Cybersecurity and Artificial Intelligence (AI) are two of the hottest technology fields today, with job opportunities continuing to grow across both.
However, worldwide, women make up less than 15 per cent of the professionals in these high-tech jobs, and only one in 20 girls opts for a STEM-based career.
To help narrow the gender gap, Mastercard has been cultivating young technology enthusiasts as part of its signature education platform, Girls4Tech.
Currently in its fifth year, this hands-on, inquiry-based STEM program has reached more than 400,000 girls (ages 8-12) in 25 countries, more than doubling its established 2017 goal.
Today the company builds on a successful track record of impact with an even more ambitious commitment to reach 1 million girls by 2025.
Girls4Tech was created in April 2014 to inspire young girls to pursue STEM careers through a fun, engaging curriculum built around global science and math standards.
The program incorporates Mastercard’s deep expertise in payments technology and innovation, and includes topics such as encryption, fraud detection, data analysis and digital convergence.
“Today we celebrate the 400,000 girls who gained new STEM skills through the Girls4Tech program and learned that a future in technology can and should include them,” says Susan Warner, senior vice president of Global Volunteerism at Mastercard.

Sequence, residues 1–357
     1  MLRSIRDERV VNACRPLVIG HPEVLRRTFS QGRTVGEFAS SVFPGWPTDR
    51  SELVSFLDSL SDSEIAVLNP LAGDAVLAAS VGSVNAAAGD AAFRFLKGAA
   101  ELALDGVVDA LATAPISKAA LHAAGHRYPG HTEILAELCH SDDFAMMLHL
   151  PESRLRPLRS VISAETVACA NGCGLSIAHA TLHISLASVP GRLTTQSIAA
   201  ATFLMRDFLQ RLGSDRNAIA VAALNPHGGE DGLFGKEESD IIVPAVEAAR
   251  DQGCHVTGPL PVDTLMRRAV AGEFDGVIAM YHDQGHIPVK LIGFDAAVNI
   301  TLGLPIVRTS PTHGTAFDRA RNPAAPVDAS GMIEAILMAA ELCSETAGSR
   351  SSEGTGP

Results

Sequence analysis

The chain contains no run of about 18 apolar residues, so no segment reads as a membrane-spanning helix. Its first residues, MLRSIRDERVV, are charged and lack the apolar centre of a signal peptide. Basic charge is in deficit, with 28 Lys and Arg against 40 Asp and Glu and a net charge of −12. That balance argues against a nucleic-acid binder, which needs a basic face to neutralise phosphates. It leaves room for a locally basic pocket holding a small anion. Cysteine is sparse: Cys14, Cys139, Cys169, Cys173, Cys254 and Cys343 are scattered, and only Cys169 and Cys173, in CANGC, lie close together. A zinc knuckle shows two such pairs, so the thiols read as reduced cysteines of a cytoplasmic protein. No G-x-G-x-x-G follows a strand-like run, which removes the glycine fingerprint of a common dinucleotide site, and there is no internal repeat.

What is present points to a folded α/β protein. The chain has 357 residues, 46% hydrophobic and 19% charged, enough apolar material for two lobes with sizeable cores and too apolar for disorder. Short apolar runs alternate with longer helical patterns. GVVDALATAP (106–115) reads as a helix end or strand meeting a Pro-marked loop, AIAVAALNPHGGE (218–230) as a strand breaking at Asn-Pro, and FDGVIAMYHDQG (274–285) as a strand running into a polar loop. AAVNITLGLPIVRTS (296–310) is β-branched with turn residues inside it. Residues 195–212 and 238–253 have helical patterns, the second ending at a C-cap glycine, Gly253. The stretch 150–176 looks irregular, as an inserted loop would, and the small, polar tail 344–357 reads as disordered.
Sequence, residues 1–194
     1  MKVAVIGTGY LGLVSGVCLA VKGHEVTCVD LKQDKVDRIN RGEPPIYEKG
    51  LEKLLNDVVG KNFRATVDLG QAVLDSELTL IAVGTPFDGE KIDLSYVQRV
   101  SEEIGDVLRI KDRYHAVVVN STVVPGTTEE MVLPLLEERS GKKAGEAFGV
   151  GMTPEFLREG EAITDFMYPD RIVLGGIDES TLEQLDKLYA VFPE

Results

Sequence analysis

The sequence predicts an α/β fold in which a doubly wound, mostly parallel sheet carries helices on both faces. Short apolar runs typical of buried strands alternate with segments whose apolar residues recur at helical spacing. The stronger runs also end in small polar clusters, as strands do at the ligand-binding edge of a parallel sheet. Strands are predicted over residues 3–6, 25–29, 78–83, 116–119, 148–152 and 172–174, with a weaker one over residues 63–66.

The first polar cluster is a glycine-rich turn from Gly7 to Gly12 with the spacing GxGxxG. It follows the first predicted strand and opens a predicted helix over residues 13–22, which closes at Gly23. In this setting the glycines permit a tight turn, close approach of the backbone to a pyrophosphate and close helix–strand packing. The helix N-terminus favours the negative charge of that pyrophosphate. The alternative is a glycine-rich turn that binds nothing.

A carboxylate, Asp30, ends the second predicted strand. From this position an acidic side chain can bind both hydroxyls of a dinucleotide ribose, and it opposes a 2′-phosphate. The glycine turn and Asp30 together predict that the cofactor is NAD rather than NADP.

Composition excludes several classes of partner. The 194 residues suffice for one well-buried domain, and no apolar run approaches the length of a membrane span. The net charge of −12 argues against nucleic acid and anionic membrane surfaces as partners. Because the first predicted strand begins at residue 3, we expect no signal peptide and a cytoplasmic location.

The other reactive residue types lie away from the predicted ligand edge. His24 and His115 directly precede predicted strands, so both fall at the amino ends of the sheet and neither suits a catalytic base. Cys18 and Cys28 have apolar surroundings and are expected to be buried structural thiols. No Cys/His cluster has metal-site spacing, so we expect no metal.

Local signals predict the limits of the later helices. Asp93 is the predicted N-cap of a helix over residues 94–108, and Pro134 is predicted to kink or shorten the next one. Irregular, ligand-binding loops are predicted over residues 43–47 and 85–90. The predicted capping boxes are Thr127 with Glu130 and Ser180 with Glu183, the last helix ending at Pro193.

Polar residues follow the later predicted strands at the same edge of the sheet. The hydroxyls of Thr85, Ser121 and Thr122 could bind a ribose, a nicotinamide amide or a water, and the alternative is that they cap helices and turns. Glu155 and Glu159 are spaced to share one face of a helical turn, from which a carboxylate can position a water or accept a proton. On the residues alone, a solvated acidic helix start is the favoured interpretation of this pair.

In many African countries, neither the educational curriculum nor the community encourages girls interested in STEM subjects.
This lack of persistence in subjects in which the student is truly interested most often results from a lack of positive, strong female role models teaching STEM subjects or working in the fields.
In Kenya, Girls4Tech has been introduced at Kimathi Primary School and approximately 80 per cent of the students come from slum areas such as Kiambiu and Kariobangi which are within walking distance of the school.
The 4-month program aims to help bridge the skills gap by increasing the digital literacy of primary school aged girls and encouraging them to pursue careers in STEM fields.
The hands-on, inquiry-based training is designed to teach 10- to 13-year-old girls digital literacy skills while boosting problem solving abilities and curiosity.
“We hope to have sparked many future careers in STEM fields, because gender parity in tech will ultimately make all companies – and our society at large – better and stronger,” says Ms Warner.
To date, Girls4Tech has reached over 400,000 girls, with events in 25 countries and 6 continents.
The program has engaged more than 3,800 employee mentors worldwide.
The program has achieved global reach with the curriculum translated into 12 languages.
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